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Old November 27, 2019, 01:26 PM   #35
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I have and shoot both but if I had to defend myself it would be my Colt 1991A1 .45ACP
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Old November 27, 2019, 06:36 PM   #36
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Quote:
Originally Posted by 44 AMP View Post
"A revolver is slower to reload..."

Everybody has heard that, many people say it. But they're ignoring the "behind the scenes" work that MUST be done, in order to make that semi auto faster to reload.

Try this test. You have a loaded revolver and a loaded semi auto on a table, and a box of ammunition.

NO spare magazines, no moon clips.

Which one do you think you could fire empty and reload faster?

Seriously. If you're skilled and fairly dexterous, you might be a tiny bit faster reloading the semi's magazine and chambering a round than emptying and reloading a Single Action revolver. But you won't be faster than emptying and reloading a Double Action revolver.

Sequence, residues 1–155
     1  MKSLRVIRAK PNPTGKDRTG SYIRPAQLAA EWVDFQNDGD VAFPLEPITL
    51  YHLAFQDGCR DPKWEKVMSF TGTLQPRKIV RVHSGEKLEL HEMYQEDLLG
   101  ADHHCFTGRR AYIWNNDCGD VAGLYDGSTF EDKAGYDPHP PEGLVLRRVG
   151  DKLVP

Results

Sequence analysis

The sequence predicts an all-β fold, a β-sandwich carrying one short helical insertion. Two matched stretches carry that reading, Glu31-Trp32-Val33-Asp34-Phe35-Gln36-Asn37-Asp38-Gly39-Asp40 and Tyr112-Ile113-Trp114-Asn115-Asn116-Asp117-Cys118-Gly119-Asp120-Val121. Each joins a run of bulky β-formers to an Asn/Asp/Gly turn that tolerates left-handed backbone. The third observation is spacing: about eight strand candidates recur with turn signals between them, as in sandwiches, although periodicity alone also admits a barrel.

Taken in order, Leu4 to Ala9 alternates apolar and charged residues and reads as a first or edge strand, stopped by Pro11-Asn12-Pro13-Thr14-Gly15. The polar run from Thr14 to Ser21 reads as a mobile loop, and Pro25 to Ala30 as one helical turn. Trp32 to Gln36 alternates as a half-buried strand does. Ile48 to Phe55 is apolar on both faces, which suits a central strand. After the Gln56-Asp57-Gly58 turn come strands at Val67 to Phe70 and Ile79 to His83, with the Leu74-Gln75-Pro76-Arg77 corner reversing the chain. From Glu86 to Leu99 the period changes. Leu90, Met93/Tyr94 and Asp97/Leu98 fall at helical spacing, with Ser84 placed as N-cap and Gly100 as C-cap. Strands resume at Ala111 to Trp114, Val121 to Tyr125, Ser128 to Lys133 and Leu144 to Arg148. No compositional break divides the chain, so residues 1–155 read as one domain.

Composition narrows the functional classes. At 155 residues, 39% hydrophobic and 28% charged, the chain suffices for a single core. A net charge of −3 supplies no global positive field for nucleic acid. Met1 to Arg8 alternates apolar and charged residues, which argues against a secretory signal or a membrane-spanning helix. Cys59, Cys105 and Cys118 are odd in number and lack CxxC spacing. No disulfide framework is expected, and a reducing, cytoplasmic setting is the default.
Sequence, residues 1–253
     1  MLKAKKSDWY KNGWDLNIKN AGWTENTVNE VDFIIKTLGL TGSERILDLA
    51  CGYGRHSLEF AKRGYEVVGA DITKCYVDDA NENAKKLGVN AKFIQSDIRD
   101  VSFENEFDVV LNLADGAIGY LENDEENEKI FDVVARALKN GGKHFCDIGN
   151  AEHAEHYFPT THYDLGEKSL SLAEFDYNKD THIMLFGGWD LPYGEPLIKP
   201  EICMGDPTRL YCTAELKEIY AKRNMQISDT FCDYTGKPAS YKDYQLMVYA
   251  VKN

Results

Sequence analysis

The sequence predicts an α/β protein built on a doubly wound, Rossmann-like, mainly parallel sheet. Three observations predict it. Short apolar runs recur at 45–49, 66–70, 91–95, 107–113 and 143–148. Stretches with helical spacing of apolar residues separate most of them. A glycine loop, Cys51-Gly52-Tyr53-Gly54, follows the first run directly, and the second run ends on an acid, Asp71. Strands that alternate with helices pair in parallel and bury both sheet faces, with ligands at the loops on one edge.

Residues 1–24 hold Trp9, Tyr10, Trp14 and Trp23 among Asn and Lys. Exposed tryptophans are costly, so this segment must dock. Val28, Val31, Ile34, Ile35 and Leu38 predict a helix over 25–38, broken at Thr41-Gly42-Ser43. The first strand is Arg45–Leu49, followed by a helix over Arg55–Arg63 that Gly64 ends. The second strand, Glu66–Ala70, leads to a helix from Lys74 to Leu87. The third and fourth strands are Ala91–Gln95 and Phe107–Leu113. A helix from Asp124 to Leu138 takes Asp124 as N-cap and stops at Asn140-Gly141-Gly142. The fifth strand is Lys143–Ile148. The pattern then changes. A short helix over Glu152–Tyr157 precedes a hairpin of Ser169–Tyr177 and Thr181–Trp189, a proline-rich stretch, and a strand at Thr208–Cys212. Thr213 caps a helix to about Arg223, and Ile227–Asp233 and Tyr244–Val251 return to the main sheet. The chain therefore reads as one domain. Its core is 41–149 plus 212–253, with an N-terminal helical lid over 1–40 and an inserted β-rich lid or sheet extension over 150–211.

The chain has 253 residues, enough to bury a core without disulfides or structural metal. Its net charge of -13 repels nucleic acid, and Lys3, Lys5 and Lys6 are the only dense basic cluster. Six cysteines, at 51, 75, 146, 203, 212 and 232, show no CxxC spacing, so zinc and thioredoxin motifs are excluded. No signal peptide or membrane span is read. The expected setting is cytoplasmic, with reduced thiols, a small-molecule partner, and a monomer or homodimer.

The point here is that while a semi is "Faster" to reload, it is faster ONLY if you have PRELOADED spare magazines. And spare mags are separate parts, so the possibility always exists that they won't be where you need them when you need them. We do a lot to make sure that possibility is as slim as we can make it, it we cannot make it go away entirely.

"but everyone has spare mags!..Don't they??"
Most of us do...until we don't...IF that ever happens...